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Chart of the week: Australia’s “fear and greed” with China

In just two decades, Australia’s relationship with China has evolved dramatically, illustrated by exports.

Chart of the week: Australia’s “fear and greed” with China

When then–Prime Minister Tony Abbott was asked by Angela Merkel about Australia’s relations with China, he summed it up, perhaps tongue-in-cheek, in two words: “Fear and greed”. For a visual embodiment of such sentiment, take the graph charting which countries have been buying the bulk of Australia’s exports this century.

It seems like a long time ago, but Japan was still Australia’s biggest customer until the global financial crisis. That changed dramatically when Beijing launched a huge stimulus package to drag its economy out of a potentially deep recession in 2008. Since then, Australia’s trade with China has never looked back.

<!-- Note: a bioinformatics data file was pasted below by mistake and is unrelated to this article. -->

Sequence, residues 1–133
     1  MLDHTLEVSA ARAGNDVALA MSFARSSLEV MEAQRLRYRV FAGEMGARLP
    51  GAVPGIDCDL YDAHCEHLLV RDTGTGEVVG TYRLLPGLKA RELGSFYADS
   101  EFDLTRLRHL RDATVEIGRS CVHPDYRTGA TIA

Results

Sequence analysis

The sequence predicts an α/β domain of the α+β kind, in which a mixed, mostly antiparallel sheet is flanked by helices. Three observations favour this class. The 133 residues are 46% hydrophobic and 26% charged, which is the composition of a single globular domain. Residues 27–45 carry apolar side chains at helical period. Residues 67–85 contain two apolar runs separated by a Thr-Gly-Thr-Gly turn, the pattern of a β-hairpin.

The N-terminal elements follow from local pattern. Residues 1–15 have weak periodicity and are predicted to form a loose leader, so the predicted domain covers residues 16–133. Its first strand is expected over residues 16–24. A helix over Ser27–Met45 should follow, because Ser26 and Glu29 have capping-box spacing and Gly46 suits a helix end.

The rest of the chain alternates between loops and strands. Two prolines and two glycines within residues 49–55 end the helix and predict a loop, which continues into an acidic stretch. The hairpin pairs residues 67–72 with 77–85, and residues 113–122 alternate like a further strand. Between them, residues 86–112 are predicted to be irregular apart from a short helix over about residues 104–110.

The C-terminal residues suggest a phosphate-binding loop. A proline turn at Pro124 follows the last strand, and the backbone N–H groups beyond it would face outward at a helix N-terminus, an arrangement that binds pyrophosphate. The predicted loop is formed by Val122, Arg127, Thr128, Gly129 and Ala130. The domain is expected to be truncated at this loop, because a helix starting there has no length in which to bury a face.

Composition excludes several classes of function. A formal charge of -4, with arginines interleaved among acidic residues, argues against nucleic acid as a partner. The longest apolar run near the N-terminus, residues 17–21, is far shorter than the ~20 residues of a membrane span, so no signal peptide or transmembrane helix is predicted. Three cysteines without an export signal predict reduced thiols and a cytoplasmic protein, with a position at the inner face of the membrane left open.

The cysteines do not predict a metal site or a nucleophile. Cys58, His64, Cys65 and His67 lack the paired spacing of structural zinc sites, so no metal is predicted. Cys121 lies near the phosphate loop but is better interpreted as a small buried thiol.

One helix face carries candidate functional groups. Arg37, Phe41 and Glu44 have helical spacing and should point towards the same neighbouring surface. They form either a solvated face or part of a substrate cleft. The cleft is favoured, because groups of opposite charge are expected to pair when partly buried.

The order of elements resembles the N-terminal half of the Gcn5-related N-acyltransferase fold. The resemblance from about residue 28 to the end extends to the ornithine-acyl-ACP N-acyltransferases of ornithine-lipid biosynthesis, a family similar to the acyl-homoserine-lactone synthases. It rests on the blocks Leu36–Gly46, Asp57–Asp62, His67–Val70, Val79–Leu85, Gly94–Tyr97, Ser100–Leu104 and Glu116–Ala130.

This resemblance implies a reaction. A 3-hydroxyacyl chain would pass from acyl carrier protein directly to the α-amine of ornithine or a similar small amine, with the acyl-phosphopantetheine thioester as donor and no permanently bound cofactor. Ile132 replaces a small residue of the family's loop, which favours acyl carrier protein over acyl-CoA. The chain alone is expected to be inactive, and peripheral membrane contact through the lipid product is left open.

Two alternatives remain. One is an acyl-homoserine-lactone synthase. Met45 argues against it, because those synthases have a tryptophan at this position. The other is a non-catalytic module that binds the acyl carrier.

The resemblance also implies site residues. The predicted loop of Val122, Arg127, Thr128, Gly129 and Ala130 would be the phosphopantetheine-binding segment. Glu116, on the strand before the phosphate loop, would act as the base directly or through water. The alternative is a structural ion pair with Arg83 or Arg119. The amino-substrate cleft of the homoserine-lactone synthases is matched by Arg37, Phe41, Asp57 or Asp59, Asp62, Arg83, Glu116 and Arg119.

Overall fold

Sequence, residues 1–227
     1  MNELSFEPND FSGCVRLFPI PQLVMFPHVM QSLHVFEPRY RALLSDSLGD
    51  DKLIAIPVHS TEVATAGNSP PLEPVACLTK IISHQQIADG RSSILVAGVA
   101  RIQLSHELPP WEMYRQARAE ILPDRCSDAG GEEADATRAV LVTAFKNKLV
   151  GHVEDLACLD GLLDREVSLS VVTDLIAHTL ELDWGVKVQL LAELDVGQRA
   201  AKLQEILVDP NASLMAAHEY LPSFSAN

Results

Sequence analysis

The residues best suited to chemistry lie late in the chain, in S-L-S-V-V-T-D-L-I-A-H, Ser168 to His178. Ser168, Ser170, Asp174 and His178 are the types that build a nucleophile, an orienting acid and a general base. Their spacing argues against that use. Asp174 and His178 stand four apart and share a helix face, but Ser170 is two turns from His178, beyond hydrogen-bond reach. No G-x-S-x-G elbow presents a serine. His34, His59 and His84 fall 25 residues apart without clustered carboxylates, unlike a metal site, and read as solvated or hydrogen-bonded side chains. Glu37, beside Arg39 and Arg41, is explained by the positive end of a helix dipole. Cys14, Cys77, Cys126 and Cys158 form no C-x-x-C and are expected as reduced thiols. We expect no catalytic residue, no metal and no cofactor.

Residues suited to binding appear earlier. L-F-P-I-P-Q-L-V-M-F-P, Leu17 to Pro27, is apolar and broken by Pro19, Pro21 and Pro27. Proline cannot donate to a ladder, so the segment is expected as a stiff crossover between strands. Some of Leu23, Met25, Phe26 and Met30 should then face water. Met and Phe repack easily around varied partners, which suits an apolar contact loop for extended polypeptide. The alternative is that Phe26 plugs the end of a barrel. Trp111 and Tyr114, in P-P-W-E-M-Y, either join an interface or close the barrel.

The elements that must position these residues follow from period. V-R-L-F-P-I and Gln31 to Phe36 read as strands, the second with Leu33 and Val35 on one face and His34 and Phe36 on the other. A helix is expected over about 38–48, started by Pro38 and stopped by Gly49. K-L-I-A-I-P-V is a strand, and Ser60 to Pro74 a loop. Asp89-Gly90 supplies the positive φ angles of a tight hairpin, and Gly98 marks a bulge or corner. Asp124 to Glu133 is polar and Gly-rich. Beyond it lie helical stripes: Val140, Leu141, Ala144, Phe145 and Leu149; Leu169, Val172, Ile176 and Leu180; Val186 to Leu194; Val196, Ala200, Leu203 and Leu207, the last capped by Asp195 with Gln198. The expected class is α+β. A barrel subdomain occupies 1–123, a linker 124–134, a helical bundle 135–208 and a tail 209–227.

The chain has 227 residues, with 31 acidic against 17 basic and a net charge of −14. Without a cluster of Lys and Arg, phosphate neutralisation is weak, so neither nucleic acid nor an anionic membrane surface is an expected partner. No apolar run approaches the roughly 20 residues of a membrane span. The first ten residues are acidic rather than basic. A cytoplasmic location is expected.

The fear came later, when reality set in in Canberra that Australia’s most valuable trading partner might also be a formidable geostrategic rival. As Australia’s trade with China relative to the rest of the world has soared, so too have bilateral political tensions, and the fear that Beijing might use business to advance its regional aims. It is a tension that I suspect Australia will be living with for decades to come.

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